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Changing bodies changes Bearcats' dynamics

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The dramatic overhaul of the bodies of Walter Stewart and Andre Cureton are among many reasons UC sees itself heading in the right direction.

WEST HARRISON, Ind. --  Walter Stewart has three younger siblings. Two of them are 6 years old. The other is 8.

When he goes home for the summer, the questions from the kids about how he's been and what it's like to be the cool college football player in the family quickly give way to another question:

Why are you eating all our food?

"I am eating all their chicken nuggets, I am eating all the corn dogs, I am eating all their little snacks and stuff," Stewart said. "My parents try to get me fast food to keep me out the fridge."

Stewart tries to show restraint. Admittedly, he doesn't want to eat his younger brother and sister's food. He tries to pace himself.

"But if it's in (the fridge)," he said, "I'm eating it."

In his eyes, he doesn't have much of a choice. He knew to become the type of player he needs to be and to fit into the Bearcats' system, he needed to grow. Horizontally.

When in the process of changing from a 216-pound outside linebacker at the conclusion of his freshman year to a 250-pound defensive end with the same burst and speed as a junior, eating everything in sight isn't just a diet. It's a lifestyle change.

"I got to have five square meals every day," he said. "I never miss."

Most people would cringe at pouring on 35 pounds. Only, instead of looking like a contestant for the The Biggest Loser, Stewart looks primed for the Big East season.

Stewart added "lean muscle mass," according to strength and conditioning coach Dave Lawson and now fits the mold of the every day defensive end position he'll transition to this year. For those who worry Stewart lost the quickness which allowed him to notch 59 tackles, 8.5 tackles for loss and 4.5 sacks as a freshman should fear not.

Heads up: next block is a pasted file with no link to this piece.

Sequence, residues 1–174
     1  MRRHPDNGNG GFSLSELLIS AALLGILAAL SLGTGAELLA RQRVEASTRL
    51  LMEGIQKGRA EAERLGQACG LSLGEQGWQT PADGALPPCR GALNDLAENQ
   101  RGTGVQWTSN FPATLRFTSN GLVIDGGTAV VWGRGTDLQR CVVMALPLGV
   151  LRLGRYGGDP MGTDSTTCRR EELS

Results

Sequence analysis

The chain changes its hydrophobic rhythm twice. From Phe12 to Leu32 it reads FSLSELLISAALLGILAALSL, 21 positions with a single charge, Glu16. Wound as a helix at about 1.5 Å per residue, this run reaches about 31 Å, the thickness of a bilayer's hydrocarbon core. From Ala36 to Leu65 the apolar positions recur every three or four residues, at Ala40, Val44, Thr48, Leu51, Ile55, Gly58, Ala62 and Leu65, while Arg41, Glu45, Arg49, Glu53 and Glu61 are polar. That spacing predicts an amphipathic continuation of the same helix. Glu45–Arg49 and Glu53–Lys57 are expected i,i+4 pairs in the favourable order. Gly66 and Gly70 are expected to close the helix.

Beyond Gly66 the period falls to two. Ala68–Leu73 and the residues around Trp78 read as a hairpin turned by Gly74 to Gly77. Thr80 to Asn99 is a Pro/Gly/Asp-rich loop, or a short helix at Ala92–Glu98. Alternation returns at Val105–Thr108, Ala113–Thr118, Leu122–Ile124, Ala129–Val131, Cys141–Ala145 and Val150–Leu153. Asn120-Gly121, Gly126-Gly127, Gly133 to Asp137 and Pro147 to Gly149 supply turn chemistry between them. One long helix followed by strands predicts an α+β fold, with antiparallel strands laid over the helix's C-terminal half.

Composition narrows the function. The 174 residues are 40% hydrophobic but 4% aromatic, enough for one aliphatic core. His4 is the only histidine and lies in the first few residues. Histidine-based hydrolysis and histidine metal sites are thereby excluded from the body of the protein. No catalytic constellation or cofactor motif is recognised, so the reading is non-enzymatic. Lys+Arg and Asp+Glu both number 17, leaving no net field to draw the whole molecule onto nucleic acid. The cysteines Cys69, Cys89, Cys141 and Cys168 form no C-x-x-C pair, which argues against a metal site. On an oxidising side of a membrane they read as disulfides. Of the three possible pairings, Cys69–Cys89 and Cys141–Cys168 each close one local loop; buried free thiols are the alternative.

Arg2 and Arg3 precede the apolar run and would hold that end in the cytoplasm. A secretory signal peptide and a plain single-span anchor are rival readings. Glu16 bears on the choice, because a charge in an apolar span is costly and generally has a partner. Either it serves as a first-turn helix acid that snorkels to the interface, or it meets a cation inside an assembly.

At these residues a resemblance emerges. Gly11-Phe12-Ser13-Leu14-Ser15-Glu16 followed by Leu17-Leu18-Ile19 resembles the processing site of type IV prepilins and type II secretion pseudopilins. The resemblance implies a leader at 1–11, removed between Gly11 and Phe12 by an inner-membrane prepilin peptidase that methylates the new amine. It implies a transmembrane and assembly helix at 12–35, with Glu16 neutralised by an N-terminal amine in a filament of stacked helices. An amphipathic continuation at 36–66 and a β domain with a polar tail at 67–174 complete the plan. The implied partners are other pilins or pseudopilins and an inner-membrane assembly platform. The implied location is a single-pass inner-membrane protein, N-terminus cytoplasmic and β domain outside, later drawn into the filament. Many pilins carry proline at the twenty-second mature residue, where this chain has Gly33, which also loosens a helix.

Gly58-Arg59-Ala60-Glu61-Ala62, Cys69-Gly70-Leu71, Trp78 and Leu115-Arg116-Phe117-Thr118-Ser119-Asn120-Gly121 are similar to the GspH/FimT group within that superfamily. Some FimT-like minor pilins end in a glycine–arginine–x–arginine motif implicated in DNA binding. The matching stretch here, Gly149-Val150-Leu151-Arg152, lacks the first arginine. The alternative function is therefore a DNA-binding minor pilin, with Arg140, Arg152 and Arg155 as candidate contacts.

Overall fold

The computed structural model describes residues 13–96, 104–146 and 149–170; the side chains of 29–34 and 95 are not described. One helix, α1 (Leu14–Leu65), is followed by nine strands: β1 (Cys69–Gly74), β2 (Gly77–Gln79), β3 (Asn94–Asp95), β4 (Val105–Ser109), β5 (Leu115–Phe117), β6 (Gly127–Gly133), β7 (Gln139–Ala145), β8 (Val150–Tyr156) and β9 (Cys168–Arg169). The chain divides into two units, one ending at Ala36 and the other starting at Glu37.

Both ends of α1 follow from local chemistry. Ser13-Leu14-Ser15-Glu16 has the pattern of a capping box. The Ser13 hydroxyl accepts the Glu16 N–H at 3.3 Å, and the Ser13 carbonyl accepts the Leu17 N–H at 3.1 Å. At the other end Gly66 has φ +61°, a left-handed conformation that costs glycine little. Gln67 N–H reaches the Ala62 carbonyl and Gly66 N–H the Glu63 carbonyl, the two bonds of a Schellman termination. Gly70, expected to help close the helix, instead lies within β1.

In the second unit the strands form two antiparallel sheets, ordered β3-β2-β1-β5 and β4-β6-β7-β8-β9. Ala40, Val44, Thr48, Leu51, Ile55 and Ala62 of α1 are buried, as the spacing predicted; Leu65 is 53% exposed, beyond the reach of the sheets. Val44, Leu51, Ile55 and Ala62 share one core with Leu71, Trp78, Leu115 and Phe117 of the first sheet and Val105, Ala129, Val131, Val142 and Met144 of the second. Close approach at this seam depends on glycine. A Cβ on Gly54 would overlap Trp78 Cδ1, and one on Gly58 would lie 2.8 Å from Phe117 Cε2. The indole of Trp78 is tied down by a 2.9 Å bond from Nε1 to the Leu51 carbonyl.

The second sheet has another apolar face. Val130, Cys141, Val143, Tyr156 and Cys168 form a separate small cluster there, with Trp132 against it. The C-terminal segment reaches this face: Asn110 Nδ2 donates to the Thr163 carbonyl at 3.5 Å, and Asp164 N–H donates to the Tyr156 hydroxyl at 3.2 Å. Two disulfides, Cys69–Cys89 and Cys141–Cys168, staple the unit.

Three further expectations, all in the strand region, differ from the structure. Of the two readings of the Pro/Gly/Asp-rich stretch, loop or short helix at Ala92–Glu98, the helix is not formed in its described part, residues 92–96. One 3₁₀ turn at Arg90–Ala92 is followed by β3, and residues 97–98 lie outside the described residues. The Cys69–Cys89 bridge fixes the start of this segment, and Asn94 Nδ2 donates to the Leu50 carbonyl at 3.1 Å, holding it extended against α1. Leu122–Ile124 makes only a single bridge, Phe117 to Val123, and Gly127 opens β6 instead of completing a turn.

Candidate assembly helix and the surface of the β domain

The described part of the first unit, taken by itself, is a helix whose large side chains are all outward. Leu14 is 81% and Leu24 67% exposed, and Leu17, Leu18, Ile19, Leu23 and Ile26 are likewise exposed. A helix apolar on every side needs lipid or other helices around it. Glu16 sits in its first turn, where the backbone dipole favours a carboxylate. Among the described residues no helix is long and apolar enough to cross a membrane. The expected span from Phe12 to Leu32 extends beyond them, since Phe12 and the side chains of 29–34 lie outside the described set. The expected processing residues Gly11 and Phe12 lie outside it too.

By all accounts, Stewart moves with as much burst and agility as ever. He can still slip past a blocker, only now, he has the option to run them over, as well.

"Putting on the weight for me was more about being physical," Stewart said. "My goal this camp and whole offseason was making the transition from linebacker to d-line is you got to be able to play the run. That's the one thing I really try to focus on when I am out here. I still work on my pass rush and stuff, but mentally, I am like, all right, you have to be physical and play the run."

Stewart may blow by offensive lineman on the practice field, but he's being passed by OL Andre Cureton in the buffet line.

It was only 18 months ago, Cureton saw a picture of himself and couldn't believe his eyes. A three-sport athlete from Indianapolis Pike High School who weighed 290 pounds for his senior year, ballooned to 364.

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"The coaches would make fun of me and say I gained the freshman 30 instead of the freshman 15," Cureton said. "To be honest, I didn't even know I was 360. I used to walk around Turner Hall, my freshman dorm, with my shirt off and everything. Then it hit me we have the Sugar Bowl pictures and I have the white jersey on and I was huge. I was like, it's got to stop. I got to get back to the way I was looking."

That meant a lifestyle change similar to Stewart's, only in reverse. Portion sizes were cut down. A steady diet of fruits and vegetables were infused. And ice cream? Forget about it.

For camp this year, Cureton reported at 295. Under 300 for the first time in three years.

The loss of weight hasn't equaled a loss of power thanks to Lawson's program. Cureton's squat, bench and power lifting numbers are all up.

"He's more athletic than he has ever been," Lawson said.

Lawson set the blueprint that has Cureton competing for a starting position. He's working with the second group but pushing Austin Bujnoch to start at guard. His confidence level ran inversely proportional to his weight.

"When I was 360, I thought I could play it but after four or five plays I would be dead," Cureton said. "Out here now, after four of five plays, I am running to get on the ball and be a leader out there on my second team group.

"It's my time. I sat the bench for way too long. It is time for me to come out here and put my resume on film and earn the coaches' trust."

Cureton's performing better than ever, but with the help of Lawson and his staff which monitor the players every day of the year, his discipline is better than ever as well.

"This is the first year (at Higher Ground) where they said I can have free reign with the food, but I still walk to the dessert bar and coach Lawson is staring at me," Cureton said with a laugh. "I just walk the other direction like nothing happened.

"He said I am good, but I know deep down inside if I get that plate he is going to have me doing something out here."


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